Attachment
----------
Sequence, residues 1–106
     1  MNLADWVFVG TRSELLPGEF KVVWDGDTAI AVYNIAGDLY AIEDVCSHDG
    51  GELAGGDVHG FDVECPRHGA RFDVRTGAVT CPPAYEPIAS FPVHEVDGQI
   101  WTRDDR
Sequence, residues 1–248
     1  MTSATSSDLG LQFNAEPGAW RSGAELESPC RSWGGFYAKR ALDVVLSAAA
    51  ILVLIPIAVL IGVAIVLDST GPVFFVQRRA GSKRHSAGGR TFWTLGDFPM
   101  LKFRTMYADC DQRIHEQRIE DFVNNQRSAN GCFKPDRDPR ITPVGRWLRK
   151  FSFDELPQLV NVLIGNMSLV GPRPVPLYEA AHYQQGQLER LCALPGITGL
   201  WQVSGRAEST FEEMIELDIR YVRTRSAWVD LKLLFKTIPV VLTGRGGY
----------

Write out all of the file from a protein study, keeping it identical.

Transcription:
Sequence, residues 1–106
     1  MNLADWVFVG TRSELLPGEF KVVWDGDTAI AVYNIAGDLY AIEDVCSHDG
    51  GELAGGDVHG FDVECPRHGA RFDVRTGAVT CPPAYEPIAS FPVHEVDGQI
   101  WTRDDR
Sequence, residues 1–248
     1  MTSATSSDLG LQFNAEPGAW RSGAELESPC RSWGGFYAKR ALDVVLSAAA
    51  ILVLIPIAVL IGVAIVLDST GPVFFVQRRA GSKRHSAGGR TFWTLGDFPM
   101  LKFRTMYADC DQRIHEQRIE DFVNNQRSAN GCFKPDRDPR ITPVGRWLRK
   151  FSFDELPQLV NVLIGNMSLV GPRPVPLYEA AHYQQGQLER LCALPGITGL
   201  WQVSGRAEST FEEMIELDIR YVRTRSAWVD LKLLFKTIPV VLTGRGGY